The state’s plan comes in response to a blistering federal audit. Regulators seemed pleased by the effort, announced Friday by Medicaid Director Maureen Corcoran.
State officials released a plan Friday to tackle sweeping problems in the Medicaid program, including a backlog of nearly 19,000 applications from poor and disabled Ohioans seeking health coverage.
Medicaid Director Maureen Corcoran told federal regulators the number of applications pending for more than 45 days has been cut from 53,392 a year ago to 18,853 and should be down to 8,000 by July 1.
The state also is working on 129,465 cases that are past due for their annual checks to redetermine eligibility, including 47,056 packets returned by beneficiaries and waiting to be reviewed. Corcoran said the number of overdue renewals has dropped by half in the past year, and a plan for addressing the rest will be unveiled next month.
The tax-funded Medicaid program insures nearly 3 million people. Long waits in processing applications and renewals to ensure beneficiaries are still eligible for benefits can cause delays in receiving health care and cause hospitals, nursing homes and other providers to not get paid.
The state’s plan comes in response to a blistering federal audit released this week that found Ohio’s error rate for determining Medicaid eligibility was 43%, more than double the national average, along with a 50% error rate in Medicaid payments.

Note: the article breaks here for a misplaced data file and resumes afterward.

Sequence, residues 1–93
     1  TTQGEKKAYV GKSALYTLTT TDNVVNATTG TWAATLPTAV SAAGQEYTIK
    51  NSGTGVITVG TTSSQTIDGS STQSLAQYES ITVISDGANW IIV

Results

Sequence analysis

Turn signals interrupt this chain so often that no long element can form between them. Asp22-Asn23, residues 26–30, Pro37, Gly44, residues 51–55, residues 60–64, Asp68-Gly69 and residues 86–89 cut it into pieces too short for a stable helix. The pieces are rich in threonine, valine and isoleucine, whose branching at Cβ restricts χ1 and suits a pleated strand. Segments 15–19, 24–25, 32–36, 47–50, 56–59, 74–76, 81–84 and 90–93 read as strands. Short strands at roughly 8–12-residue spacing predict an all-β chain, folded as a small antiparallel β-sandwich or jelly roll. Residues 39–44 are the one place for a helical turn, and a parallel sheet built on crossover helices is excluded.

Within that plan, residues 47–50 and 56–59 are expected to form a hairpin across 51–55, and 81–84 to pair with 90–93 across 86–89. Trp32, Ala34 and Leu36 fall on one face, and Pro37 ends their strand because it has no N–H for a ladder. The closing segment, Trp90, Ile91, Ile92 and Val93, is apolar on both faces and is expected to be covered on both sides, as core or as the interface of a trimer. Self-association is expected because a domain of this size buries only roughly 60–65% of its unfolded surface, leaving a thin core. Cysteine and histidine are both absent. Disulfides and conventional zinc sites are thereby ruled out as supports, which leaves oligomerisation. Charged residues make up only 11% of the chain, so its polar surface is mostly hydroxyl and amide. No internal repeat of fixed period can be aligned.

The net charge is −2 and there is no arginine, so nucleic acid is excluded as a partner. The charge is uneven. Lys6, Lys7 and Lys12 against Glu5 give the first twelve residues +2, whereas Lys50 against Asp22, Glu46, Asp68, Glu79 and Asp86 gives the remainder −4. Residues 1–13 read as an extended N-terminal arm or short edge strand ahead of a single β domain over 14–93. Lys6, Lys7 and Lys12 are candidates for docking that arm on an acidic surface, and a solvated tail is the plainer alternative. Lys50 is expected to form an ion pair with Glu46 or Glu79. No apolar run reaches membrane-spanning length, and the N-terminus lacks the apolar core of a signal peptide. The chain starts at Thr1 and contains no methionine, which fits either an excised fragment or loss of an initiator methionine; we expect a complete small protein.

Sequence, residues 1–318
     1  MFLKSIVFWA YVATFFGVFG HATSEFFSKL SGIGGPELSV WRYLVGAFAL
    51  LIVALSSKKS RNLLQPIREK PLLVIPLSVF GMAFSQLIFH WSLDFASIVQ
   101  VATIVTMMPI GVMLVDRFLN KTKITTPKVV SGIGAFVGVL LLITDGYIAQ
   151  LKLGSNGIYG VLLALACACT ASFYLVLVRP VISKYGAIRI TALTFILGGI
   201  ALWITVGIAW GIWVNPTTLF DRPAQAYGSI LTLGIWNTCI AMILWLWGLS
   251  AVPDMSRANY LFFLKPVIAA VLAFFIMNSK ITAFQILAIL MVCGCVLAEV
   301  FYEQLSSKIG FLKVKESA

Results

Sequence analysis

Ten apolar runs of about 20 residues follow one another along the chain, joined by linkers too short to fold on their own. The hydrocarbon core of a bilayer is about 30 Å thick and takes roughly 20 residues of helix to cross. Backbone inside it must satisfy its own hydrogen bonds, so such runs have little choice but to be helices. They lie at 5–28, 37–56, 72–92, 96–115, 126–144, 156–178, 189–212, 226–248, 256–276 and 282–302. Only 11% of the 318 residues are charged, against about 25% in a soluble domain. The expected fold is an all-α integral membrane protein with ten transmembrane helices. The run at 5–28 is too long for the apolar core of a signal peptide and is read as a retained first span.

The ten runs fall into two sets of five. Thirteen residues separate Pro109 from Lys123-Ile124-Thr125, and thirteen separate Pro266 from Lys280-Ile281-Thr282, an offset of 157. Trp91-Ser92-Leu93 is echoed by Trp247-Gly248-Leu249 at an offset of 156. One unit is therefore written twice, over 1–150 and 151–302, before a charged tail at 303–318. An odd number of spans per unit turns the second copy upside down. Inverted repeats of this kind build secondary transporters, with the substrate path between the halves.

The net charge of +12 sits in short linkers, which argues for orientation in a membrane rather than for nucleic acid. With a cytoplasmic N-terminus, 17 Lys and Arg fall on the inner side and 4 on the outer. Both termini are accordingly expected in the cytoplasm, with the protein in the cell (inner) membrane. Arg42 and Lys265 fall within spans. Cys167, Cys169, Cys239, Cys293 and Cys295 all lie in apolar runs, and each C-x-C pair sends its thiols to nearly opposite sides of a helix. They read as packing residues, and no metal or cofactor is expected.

According to the audit, the Ohio Benefits computer system had nearly 1,100 defects, causing some applications to disappear, assigning incorrect renewal dates, and misplacing documentation needed to confirm eligibility. The findings do not necessarily mean benefits were provided in error, just that auditors lacked the information needed to verify the payments.
Federal regulators, who warned the state could face $6 billion in penalties, appear to be pleased with the state’s plan for addressing the problems.
“We appreciate the proactive leadership of Gov. (Mike) DeWine and his team to resolve these long-standing challenges,” Centers for Medicare and Medicaid Services Administrator Seema Verma said in a statement.
“Their steadfast commitment to program integrity will ensure we protect the most vulnerable of Ohioans. I look forward to working with them toward the successful implementation of their plan of correction, which will result in improvements to their systems and more accurate and timely eligibility determinations on behalf of Medicaid beneficiaries.”
Earlier this week, in anticipation of the audit’s release, Corcoran blamed the problems on the administration of former Gov. John Kasich. His eight-year tenure ended last January, when DeWine came to office.
In a report to DeWine, Corcoran said Medicaid, “as we inherited it, was a mess.” The federal audit reviewed Medicaid payments for the fiscal year ending June 30, 2018.
On Friday, Corcoran told The Dispatch much progress has been made in the past year, as evidenced by the reduction in the backlog and cases awaiting renewal.
The Department of Medicaid has added 25 employees to help county caseworkers process applications and is also working to correct computer problems. Corcoran could not say how much those efforts are costing taxpayers.
Corcoran said she believes Ohio Benefits can be fixed but it won’t be fast.
“It’s going to be a process that takes several years,” she said.